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Tokyo Facts: 8 Ways to Get the Most from Your First Visit!

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Home to fast approaching 40 million people, Tokyo is the world's most densely populated city, and one that never stops evolving. A city of stark contrasts, Tokyo embodies everything that makes Japan what it is today in facts, where history and the unique Japanese aesthetic, meet a sleek neon facade of exuberant youth fashions and outlandish pop culture, and advanced architectural design and hi-tech industries place the future firmly in the now.

I've lived and worked in this vibrant, sometimes mystifying, but always amazing city for 25 years now, so I'd like to share with you some tips include tokyo facts and impressions that might help to make your first visit here enjoyable and memorable.

1. How Tourist-Friendly is Tokyo

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Surprisingly, Tokyo never seems to make the list of the world's 20 most visited cities.
Perhaps some people, in Europe particularly, are put off by the long flight to Japan, or by a perception of Japanese language and culture as being impenetrable. Still others may believe Japan to be an expensive destination.

But the truth is, Tokyo is far more tourist-friendly than ever before, with a high standard of service everywhere, extensive English guidance, and one of the most efficient transportation systems in the world. And believe it or not, Tokyo is no longer on the list of the world's 10 most expensive cities to visit either - London tops that particular list, along with 6 other European cities! Most of all, Tokyo remains a mysterious and enigmatic destination, so travellers visiting here today can still feel they are 'blazing a trail.'
 

2. Unique Accommodation in Tokyo

Apartment Hotels

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As you might expect of such a big city, Tokyo has literally hundreds of hotels, from very cheap (5,000 - 10,000 JPY per night), all the way up to the "if you have to ask, you probably can't afford it" bracket! Getting the best deal for a comfortable stay can be hit and miss, which is why many visitors prefer to stay at apartment hotels.

Combining the convenience of a hotel with the freedom and privacy of a home-from-home, these short or long stay apartments can make the perfect base for a sightseeing itinerary. For example, Citidines apartment hotels in Shinjuku offer comfortable, stylish and modern interiors with bathrooms and fully equipped kitchenettes, as well as generous storage space, air-conditioning, flat-screen TV, high speed internet access and refrigerator.
Citidines apartment hotels are conveniently close to Tokyo Metro stations too, and within walking distance of Shinjuku's many shopping, sightseeing and nightlife locations. Please see our page for further details.

Capsule Hotels

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As you may already know, capsule hotels consist of stacked sleeping pods, each being just big enough to lie down inside, with basic amenities such as light, air conditioner, and alarm clock, though some have TV, power outlet, and free wi-fi. At the very least, shared facilities include lockers, showers and a lounge.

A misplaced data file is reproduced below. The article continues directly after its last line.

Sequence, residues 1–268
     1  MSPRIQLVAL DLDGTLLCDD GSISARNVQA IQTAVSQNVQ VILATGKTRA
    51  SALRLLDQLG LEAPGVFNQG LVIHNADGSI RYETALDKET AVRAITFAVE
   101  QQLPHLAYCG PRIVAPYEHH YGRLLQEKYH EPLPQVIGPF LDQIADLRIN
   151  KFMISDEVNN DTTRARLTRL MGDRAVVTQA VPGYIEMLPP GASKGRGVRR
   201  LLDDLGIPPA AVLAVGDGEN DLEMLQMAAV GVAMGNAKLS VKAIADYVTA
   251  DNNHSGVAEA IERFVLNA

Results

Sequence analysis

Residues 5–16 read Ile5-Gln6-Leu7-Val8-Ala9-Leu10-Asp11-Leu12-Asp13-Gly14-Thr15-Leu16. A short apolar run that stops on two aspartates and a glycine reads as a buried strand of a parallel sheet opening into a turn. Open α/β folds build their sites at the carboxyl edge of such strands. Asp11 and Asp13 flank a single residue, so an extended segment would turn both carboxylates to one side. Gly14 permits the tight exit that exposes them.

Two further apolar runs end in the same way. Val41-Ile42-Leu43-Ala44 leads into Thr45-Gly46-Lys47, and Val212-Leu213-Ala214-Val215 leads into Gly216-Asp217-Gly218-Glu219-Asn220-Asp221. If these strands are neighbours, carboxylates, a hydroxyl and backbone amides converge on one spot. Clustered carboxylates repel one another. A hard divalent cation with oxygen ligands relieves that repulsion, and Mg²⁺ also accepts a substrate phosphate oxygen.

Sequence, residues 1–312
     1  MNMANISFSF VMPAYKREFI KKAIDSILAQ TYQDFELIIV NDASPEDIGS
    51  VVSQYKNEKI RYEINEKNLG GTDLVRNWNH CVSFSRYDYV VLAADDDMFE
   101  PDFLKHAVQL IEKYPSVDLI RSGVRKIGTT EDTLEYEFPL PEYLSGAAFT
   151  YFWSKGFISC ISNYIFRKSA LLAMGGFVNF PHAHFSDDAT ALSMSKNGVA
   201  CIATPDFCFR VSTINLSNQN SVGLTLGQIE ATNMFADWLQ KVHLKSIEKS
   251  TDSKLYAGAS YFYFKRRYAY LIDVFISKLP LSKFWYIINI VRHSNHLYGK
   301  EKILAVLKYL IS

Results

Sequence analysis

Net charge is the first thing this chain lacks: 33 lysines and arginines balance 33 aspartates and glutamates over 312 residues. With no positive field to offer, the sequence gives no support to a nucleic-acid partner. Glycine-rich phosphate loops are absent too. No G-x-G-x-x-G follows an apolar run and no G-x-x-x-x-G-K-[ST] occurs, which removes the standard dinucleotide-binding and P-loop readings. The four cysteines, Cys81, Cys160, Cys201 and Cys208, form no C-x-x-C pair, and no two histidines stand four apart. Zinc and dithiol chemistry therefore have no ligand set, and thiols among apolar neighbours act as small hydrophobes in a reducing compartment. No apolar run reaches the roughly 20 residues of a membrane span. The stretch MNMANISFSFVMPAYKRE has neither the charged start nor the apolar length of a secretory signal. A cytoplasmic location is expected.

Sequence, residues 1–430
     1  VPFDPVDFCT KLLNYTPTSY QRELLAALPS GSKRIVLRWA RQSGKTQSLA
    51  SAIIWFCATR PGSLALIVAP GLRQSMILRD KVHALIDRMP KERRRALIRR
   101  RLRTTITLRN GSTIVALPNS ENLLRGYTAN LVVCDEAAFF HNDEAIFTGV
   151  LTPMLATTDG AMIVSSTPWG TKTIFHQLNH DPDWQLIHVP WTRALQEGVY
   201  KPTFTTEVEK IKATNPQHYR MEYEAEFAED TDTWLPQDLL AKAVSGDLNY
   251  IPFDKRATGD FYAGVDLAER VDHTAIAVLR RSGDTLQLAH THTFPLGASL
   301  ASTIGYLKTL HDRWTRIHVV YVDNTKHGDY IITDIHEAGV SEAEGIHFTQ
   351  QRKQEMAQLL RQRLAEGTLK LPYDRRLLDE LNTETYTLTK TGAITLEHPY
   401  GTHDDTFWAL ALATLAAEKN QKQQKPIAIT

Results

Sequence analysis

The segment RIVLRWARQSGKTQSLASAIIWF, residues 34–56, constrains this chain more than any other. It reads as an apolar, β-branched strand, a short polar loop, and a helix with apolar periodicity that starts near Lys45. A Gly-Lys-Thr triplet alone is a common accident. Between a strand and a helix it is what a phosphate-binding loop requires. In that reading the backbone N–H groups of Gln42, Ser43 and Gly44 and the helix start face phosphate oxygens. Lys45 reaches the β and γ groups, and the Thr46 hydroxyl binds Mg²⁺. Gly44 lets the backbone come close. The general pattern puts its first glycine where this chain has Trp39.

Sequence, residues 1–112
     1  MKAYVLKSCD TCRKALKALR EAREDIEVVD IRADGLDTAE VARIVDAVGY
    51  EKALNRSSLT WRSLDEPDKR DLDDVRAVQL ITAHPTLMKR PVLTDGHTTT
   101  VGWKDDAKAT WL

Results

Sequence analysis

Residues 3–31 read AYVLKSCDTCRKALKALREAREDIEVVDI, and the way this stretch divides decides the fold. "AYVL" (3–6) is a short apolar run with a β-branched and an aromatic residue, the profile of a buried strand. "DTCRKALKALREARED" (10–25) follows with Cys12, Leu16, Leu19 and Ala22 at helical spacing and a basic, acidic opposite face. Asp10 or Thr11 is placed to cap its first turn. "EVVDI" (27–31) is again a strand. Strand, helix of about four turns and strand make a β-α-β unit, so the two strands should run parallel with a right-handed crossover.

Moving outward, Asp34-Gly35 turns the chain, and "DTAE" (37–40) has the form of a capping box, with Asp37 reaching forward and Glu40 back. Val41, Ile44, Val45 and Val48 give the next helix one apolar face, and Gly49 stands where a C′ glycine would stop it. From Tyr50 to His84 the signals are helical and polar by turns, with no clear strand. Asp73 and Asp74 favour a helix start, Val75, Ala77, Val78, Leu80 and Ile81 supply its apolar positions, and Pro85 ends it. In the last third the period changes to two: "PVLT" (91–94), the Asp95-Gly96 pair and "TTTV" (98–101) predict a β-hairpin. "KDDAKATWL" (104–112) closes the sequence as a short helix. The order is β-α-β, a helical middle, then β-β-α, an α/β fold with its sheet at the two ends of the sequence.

Mainly intended for businessmen who've missed the last train, or stranded airline passengers, it's not surprising that they can be found at Narita and Haneda airports, as well as dotted around Tokyo's business and transport hubs, such as Kanda and Shinjuku. With overnight prices between 2,000 - 6,000 JPY, capsule hotels can be cheaper than very cheap hotels, if one doesn't mind having to check out and check in again each day!

But in spite of their appeal to backpackers and foreign tourists seeking a novelty experience, capsule hotels are a phenomenon that has lost some of its mystique in recent years, not least of all because the most famous example, the Nakagin Capsule Tower in Shimbashi, has fallen into disrepair and no longer operates. However, the building itself is still worth visiting if iconic post-war Japanese Metabolist architecture is your thing; in fact, it's a rare surviving example. But hurry; a campaign to preserve the building from its slated demolition may yet fail!

Love Hotels

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Another very Japanese novelty, in Western eyes, these short-stay hotels (usually 2 hours) are intended for couples seeking discrete romantic intimacy. Many have rooms that are individually, and gaudily themed, with outrageously kitsch decor, ornate showers and bathrooms, and uniquely styled double beds. Overnight stays are possible, though it might be like sleeping in someone else's erotic nightmare! Prices vary according to the quality of the rooms, their theme and how luxurious they are. However, a love hotel could be a novel place to take one's partner after a romantic stroll around Kabukicho! photo by anjuli_ayer
 

3. What are Public Conveniences Like in Tokyo?

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Visitors to Tokyo will soon notice how well-equipped and clean the facilities are, and this is generally the case throughout Japan. In the past, one had to search around to find a western style toilet, rather that the old-fashioned squatting type (don't ask!), but today most public conveniences feauture modern, sensor controlled shower toilets. With their shower and bidet functions and built-in dryers, toilet paper has become virtually obsolete, while the gently warmed seats in winter make the modern Japanese toilet an absolute joy to use!
Beautifully designed multi-purpose conveniences have proliferated too, offering easy wheelchair access, ostomate toilets with large, self-flushing sinks and warm water shower nozzles, fold-up baby changing tables, and handy baby-keepers so mum can keep both hands free when she needs to spend a penny. Here are just a few noteworthy examples:

Yurakucho Marui department store

Yurakucho Marui department store has one of the most beautifully designed rest rooms in the city and, unlike most in the Ginza area, it is free of charge! The nursing room can be found on the 5th floor and has a stylish and restful interior, complete with a variety of potted plants and dedicated background music. There are two fully equipped private rooms for nursing mothers, clothes changing facilities and, of course, advanced shower toilets.

Mitsukoshi Nihonbashi department store

Mitsukoshi Nihonbashi department store's toilets are also free of charge, offer multi-purpose facilities, including private rooms for nursing mothers, and can be found on every floor.

Shinjuku Takashimaya department store

Shinjuku Takashimaya department store's 13th floor restrooms offer not only clean and modern multi-purpose facilities, but a fantastic view of Shinjuku! Being also free of charge, and close to the bus terminal, it's a convenient place to freshen up before or after a long bus trip.
 

4. Are Japanese Signs and Rules Confusing?

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Generally, Japanese signs use the universal symbols familiar the world over, while others may be represented by cute, sometimes bizarre cartoons. Either way, the meaning is usually clear, even if the English is amusing to visitors. Probably the most common taboos in public places concern smoking, littering and tattoos.